But none of it really matters, at least not to me as I have not smoked since I threw all my tobacco down the rubbish chute a week ago. Now, I’m aware that this is not that long to go without a cigarette and plenty of my smoking readers will have lasted that long on various failed attempts. But for me, who has never (apart from one day in which I climbed the walls and went to bed at nine in the evening so that I could wake up sooner and smoke again) attempted to do more than cut down it has been a revelation. More than that, it hasn’t been a hideous, arduous week. I’ve had the odd pang but no more than I frequently had during the cutting down process. From the first night, I’ve slept fine, I’ve been cheerful, I’ve been out in the company of my smoking friends and I’ve had a day of real stress – the sort of thing that would normally have had me smoking in a matter of minutes.

Before I read this book, I was told by the people I knew who’d used it that Carr basically tells you everything you already knew but in a way that helps you. That sounds odd but it is basically true. He deals with health, money and the tyranny of addiction and its social implications in a way that is gentle and relentless all at once. By avoiding shock tactics he helps the smoker absorb a message that he/she normally refuses to hear due to fear and/or resentment. He articulates all the crazy, silent, skewed thoughts a smoker has and harpoons every bit of flawed logic you could think of. He breaks down the barriers each smoker puts between him/herself and quitting and delivers just what he promises – a painless route to being a non-smoker.

Can I be assured that I’ll never smoke again? No. As far as I’m concerned, you can’t stack a week against twelve years. Having said that, I can’t see myself starting again. It’s been so shockingly easy to leave it behind since reading this book and I didn’t even feel ready to quit when I started it. Because Carr’s method stops you from feeling that you are making a sacrifice, there’s no misery in the quitting process. Indeed, I’ve been much happier this past week than I was the week before.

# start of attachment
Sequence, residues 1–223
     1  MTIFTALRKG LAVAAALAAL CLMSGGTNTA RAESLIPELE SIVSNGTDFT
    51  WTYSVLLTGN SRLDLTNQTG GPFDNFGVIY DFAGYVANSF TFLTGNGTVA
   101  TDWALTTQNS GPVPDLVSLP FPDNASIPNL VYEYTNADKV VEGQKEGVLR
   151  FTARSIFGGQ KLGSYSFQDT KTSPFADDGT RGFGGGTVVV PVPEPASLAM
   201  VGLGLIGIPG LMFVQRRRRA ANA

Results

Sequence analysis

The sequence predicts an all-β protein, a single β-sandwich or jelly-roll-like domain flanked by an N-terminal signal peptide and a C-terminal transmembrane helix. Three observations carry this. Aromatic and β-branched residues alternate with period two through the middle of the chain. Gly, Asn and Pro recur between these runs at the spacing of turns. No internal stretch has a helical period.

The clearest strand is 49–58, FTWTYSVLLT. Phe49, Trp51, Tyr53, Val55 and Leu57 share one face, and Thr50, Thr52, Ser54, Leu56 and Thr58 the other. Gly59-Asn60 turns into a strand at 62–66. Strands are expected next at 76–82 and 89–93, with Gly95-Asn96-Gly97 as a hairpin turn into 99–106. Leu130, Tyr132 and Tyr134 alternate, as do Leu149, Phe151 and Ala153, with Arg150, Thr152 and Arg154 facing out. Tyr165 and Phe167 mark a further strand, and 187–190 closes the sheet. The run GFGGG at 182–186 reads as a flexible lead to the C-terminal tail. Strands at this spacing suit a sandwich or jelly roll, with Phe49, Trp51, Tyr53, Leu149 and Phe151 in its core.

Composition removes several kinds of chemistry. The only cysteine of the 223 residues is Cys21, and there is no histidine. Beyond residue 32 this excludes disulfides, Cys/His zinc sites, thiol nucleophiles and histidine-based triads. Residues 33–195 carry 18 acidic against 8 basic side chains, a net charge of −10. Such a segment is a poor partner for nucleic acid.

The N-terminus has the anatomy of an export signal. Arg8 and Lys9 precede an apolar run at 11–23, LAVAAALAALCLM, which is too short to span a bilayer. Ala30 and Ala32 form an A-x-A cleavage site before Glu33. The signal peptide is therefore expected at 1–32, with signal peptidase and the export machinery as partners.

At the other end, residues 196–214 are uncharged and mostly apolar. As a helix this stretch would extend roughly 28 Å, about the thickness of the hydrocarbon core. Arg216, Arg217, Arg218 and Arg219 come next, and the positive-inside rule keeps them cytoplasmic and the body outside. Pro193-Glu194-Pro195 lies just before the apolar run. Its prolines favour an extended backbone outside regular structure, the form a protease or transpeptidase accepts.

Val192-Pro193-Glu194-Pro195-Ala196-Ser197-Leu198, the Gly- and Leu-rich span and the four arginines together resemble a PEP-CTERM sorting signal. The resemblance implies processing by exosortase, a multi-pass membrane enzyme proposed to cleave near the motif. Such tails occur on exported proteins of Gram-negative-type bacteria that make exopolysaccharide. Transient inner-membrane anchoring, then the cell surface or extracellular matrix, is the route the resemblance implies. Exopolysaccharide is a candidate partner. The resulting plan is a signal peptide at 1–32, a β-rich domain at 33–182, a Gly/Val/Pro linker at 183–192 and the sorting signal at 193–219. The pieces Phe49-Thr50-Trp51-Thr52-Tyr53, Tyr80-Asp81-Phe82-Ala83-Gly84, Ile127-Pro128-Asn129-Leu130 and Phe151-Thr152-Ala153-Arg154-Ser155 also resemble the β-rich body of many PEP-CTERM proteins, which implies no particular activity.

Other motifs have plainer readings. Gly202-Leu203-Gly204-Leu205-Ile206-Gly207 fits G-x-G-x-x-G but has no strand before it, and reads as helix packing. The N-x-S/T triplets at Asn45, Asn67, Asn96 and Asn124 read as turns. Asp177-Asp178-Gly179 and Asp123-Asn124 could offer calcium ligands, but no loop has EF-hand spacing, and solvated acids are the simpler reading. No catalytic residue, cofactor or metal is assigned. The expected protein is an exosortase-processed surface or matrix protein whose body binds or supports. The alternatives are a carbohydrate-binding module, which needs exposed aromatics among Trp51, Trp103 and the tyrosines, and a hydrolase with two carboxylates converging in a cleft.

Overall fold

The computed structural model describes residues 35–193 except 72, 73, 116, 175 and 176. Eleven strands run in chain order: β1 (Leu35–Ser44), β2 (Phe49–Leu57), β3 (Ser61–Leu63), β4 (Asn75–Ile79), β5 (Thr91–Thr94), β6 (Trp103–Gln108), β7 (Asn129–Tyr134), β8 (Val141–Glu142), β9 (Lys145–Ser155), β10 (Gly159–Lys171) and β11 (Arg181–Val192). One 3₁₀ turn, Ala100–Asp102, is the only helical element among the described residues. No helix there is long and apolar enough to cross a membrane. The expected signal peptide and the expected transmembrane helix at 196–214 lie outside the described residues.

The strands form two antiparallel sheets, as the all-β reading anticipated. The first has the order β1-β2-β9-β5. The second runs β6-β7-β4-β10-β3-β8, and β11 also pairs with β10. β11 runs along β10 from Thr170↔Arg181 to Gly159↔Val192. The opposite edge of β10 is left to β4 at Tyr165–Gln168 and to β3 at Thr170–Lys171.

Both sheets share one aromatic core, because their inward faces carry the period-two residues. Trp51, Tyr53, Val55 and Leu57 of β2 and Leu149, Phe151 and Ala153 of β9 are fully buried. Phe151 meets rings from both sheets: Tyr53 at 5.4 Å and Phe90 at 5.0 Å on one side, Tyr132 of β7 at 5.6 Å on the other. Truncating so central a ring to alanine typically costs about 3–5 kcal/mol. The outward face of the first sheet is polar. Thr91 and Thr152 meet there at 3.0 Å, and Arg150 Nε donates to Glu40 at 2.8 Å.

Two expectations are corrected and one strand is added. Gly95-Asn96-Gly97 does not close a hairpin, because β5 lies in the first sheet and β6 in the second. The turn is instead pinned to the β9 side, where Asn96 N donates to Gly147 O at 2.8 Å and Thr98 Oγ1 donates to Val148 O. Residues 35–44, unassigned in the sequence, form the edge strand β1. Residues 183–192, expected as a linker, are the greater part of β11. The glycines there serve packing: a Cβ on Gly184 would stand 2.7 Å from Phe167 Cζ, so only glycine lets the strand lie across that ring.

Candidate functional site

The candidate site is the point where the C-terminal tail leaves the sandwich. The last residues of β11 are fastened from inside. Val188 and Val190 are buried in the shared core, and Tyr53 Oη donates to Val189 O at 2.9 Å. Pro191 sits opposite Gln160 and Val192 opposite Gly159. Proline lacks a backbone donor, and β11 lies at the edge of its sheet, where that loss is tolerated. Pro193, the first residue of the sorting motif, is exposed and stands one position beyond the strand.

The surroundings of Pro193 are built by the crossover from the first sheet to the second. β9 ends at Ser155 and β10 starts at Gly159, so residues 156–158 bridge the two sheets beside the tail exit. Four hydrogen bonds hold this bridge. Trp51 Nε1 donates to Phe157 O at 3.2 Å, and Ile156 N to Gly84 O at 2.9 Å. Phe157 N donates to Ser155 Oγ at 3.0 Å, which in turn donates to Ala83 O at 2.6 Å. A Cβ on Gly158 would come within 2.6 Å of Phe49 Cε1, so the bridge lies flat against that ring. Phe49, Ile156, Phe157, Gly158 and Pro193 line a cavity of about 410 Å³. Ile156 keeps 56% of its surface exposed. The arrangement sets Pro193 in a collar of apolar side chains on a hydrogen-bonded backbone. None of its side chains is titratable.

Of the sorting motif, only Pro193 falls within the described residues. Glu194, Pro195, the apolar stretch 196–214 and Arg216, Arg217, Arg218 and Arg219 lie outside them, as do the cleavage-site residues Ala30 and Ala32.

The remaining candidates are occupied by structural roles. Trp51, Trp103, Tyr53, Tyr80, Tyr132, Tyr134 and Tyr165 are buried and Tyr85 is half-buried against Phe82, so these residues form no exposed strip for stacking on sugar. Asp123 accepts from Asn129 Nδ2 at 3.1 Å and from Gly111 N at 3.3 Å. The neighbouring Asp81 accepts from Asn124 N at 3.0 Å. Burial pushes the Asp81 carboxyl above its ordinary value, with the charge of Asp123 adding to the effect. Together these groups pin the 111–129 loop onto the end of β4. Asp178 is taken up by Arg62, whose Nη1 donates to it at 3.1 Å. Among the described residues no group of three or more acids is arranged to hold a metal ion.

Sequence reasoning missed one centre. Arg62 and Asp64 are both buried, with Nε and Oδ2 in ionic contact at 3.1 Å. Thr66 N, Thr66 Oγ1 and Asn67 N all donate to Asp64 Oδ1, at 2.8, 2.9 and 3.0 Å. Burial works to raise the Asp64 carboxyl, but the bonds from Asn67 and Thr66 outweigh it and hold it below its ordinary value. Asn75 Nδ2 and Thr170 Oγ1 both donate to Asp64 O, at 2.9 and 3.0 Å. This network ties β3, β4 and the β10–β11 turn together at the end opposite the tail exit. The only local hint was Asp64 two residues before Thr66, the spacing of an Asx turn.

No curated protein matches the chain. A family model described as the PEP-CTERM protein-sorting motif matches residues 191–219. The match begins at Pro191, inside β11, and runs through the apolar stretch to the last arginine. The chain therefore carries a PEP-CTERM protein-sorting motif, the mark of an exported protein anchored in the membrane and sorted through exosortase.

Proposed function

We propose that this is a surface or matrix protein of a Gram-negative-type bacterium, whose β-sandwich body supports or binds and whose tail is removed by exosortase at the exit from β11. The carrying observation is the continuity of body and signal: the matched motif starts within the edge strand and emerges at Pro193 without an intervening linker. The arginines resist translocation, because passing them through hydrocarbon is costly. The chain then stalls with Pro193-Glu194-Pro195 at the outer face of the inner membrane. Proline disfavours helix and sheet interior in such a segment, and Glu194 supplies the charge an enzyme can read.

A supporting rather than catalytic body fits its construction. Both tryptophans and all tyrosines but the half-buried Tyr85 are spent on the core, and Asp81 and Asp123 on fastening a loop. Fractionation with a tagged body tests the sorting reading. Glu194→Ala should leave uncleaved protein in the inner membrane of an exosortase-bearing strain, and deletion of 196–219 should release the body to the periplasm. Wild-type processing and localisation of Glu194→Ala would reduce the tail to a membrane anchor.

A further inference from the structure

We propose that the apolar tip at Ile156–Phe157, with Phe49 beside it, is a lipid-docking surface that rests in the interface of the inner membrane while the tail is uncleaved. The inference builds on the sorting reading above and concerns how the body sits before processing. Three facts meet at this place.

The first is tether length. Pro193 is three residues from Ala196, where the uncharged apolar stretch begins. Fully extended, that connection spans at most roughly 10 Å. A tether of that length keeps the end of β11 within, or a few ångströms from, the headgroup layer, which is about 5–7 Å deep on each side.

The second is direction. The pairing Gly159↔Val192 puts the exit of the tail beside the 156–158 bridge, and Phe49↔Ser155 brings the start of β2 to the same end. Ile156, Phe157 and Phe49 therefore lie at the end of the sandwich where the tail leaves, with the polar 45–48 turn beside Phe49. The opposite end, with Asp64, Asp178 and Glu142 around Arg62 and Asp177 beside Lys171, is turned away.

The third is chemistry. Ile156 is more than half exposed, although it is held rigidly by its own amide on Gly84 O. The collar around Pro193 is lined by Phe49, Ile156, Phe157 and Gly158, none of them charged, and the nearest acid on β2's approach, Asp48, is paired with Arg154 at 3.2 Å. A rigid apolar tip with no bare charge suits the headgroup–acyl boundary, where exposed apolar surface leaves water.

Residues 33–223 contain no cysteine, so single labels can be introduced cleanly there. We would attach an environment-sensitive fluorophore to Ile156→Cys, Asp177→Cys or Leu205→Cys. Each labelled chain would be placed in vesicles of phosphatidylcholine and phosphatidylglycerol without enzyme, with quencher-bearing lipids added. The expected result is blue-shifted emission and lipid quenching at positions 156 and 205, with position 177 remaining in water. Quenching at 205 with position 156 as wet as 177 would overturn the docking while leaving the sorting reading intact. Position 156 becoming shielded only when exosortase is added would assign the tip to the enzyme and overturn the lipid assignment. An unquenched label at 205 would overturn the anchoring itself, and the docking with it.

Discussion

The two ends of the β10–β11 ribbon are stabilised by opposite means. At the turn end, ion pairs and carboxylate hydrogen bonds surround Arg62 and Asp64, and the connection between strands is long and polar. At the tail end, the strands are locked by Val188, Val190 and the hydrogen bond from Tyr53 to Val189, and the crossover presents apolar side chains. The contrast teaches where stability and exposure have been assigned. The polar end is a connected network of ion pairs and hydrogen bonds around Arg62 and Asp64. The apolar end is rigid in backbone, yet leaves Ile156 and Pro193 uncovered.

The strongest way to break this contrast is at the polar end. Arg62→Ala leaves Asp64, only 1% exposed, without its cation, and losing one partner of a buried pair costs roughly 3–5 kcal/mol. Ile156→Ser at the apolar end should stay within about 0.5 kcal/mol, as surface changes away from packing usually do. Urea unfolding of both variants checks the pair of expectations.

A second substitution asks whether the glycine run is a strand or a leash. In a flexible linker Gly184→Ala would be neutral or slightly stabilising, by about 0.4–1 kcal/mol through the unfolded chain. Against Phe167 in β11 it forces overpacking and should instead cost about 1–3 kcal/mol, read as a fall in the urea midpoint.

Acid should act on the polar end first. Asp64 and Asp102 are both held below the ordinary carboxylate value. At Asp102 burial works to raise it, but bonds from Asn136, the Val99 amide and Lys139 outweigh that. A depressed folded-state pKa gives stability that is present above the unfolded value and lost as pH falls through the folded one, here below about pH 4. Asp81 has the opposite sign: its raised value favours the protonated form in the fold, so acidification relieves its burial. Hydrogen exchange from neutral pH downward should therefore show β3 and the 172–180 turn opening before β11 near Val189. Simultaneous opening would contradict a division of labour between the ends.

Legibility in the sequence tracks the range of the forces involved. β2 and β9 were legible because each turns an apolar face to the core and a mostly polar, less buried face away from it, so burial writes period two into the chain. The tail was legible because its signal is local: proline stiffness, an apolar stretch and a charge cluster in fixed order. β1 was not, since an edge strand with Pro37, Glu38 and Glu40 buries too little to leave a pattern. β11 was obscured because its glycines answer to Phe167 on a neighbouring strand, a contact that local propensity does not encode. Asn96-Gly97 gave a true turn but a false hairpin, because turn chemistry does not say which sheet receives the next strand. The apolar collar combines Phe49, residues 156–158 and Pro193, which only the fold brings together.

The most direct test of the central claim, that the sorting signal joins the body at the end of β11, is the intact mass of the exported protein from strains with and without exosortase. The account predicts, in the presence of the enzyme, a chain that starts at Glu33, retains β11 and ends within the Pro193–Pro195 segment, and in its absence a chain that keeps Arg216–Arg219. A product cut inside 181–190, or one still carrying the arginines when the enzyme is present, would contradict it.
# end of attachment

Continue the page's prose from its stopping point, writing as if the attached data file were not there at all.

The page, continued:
Of course, it won’t work for everyone. There is no method on earth that has a 100% success rate, but you only have to look at the Amazon rating to see that it has a whiff of the miraculous about it. Out of 913 reviews, 810 readers gave it five stars. Another 58 gave it four stars. The combined total of one, two and three star reviews is 49. It’s quite hard to argue with that, seeing as Amazon reviewers aren’t always the most generous souls (and you would think that was especially true of those who are in drug withdrawal!).

Anyway, if you are a smoker with an interest in giving up, this book is definitely worth a read. At less than £6 from Amazon it’s around the price of a pack of cigarettes. I’d recommend you also buy a pack of cigarettes that you can chain-smoke as freely as you like while you read the book. Who knows? It could be the last pack you ever want to buy without you even needing to get the flu. So far, it has certainly worked for me.

(Update – I wrote this over nine months ago and never got round to posting it, but I’m still tobacco-free!)

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The Psychopath Test – how would you fare?

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A good friend gave me a copy of The Psychopath Test by Jon Ronson for my birthday. I hope he wasn’t trying to tell me anything! The book is the story of journalist Ronson’s foray into the world of psychopaths, as categorised by psychologist Bob Hare’s psychopath checklist.

 

Psychopaths will have a high number of the following personality traits:

Glibness/superficial charm

Grandiose sense of self-worth

Pathological lying

Cunning/manipulative

Lack of remorse or guilt

Shallow affect (genuine emotion is short-lived and egocentric)

Callousness; lack of empathy

Failure to accept responsibility for own actions

Need for stimulation/proneness to boredom

Parasitic lifestyle

Poor behavioural control

Lack of realistic long-term goals

Impulsivity

Irresponsibility

Juvenile delinquency

Early behaviour problems

Promiscuous sexual behaviour

Many short-term (marital) relationships

Criminal versatility

 

Ronson sets out to interview people classed as psychopaths (both criminals and high achieving businessmen – seemingly most psychopaths fall into one or other category – make of that what you will). He explores some fascinating and tragic cases and asks some very, very awkward questions.

 

On the one hand, I found Ronson slightly annoying – on the other hand I was impressed by his unflinching truthfulness. He is not afraid of looking like an idiot either in front of his interviewees or in front of his readers. He admits to getting a bit carried away with his own amateur psychopath spotting and he happily rubs eminent psychologists and unnerving psychopaths up the wrong way. He certainly earns a lot of glares throughout the course of this book.

 

Then again, I suppose this is how we should want our journalists to be. Ronson is fearless (telling a clearly unhinged cross-dressing former spy to ‘fuck off’), relentless, shameless (or unabashed about being wrong – as opposed to just being an unconscionable creep) and ultimately fascinated by people.